When does a Mathematical Formula or a Law Of Nature become patent eligible?
The gist of the verdict: Claims having a mathematical formula or an application of laws of nature are patent eligible if they improve a particular process.
If you don’t know, the Joint Strike Fighter (JSF) program under which the US and other allied nation developed a fifth generation single engine aircraft, F-35, for their Navy and Air force is the world’s most expensive weapons program. The cost of the project is near $400 billion.
Further, the helmet mounted display (HMD) of F-35 is the most advanced HMD which provides unprecedented situational awareness to a pilot. A single HMD for an F35 aircraft costs $400k.
Thales Visionix Inc (TVI) sued US Govt. asserting the HMD of F-35 infringes claims 1–5, 11–13, 20, 22–26, 32– 34, and 41 of its ’159 patent, directed to motion-tracking relative to a moving platform. Elbit Systems of America joined as a third-party defendant as it is the subcontractor that produces the HMDs.
The Court of Federal Claims scrutinized the claims of ‘159 patents under the two-step Alice test and found that the claims are directed to the abstract idea of using laws of nature governing motion to track two objects and provide no inventive concept beyond the abstract idea.
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The Federal Circuit, however, on March 8, 2017, reversed the decision of the Court of Federal Claims and remanded for further proceedings. The FC, for evaluating patent eligibility under USC 35 101, used reference of Diamond vs Diehr and said that the claims of US’159 patents are nearly indistinguishable from the claims at issue in Diehr.
While the claims utilize mathematical equations to determine the orientation of the object relative to the moving reference frame, the equations—dictated by the placement of the inertial sensors and application of laws of physics—serve only to tabulate the position and orientation information in this configuration. This arrangement is analogous to the claims in Diehr, which required the temperature measurement “at a location closely adjacent to the mold cavity in the press during molding.” Diehr, 450 U.S. at 179 n.5. Just as the claims in Diehr reduced the likelihood that the rubber molding process would result in “overcuring” or “undercuring,” id. At 187, the claims here result in a system that reduces errors in an inertial system that tracks an object on a moving platform.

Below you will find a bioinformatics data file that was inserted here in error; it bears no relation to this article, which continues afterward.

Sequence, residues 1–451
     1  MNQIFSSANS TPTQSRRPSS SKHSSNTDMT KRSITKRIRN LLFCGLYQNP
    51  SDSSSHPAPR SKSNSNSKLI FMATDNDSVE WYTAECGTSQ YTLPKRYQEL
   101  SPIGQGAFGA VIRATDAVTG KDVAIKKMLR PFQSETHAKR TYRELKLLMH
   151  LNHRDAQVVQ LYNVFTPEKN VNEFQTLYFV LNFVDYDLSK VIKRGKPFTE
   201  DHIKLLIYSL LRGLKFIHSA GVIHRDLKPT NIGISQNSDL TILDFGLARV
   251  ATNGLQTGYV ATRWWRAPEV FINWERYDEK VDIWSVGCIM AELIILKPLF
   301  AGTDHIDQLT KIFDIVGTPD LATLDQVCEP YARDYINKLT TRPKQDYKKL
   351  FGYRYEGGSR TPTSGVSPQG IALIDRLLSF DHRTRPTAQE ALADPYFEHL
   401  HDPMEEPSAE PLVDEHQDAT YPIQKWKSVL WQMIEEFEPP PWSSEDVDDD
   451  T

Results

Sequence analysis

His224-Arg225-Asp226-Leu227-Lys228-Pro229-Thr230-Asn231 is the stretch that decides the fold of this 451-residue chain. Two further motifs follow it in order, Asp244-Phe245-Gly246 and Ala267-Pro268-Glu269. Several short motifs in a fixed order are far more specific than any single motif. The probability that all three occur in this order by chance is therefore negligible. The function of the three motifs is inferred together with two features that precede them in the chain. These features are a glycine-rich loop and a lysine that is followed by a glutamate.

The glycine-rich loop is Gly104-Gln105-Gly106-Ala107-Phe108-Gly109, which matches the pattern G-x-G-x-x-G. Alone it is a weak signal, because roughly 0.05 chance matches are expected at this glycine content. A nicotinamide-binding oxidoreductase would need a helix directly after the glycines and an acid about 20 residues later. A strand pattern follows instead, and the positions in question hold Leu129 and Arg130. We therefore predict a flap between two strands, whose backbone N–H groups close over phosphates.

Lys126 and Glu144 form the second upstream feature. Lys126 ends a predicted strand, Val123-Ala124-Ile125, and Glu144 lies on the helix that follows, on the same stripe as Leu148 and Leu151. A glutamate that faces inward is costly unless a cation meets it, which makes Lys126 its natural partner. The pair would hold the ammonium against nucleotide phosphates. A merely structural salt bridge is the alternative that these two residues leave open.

The ’159 patent claims provide a method that eliminates many “complications” inherent in previous solutions for determining position and orientation of an object on a moving platform. ’
The Federal Circuit further added:
These claims are not merely directed to the abstract idea of using “mathematical equations for determining the relative position of a moving object to a moving reference frame,” as the Claims Court found. Thales, 122 Fed. Cl. at 252. Rather, the claims are directed to systems and methods that use inertial sensors in a non-conventional manner to reduce errors in measuring the relative position and orientation of a moving object on a moving reference frame.
This decision by the Federal Circuit is important as patent examiners have been rejecting patent applications wherein claims contain a mathematical formula or a law of nature right off the bat since the Alice vs CLS bank verdict. The decision can be used by a prosecutor for building a strong office action response after receiving an Alice based §101 rejection for such patent applications.
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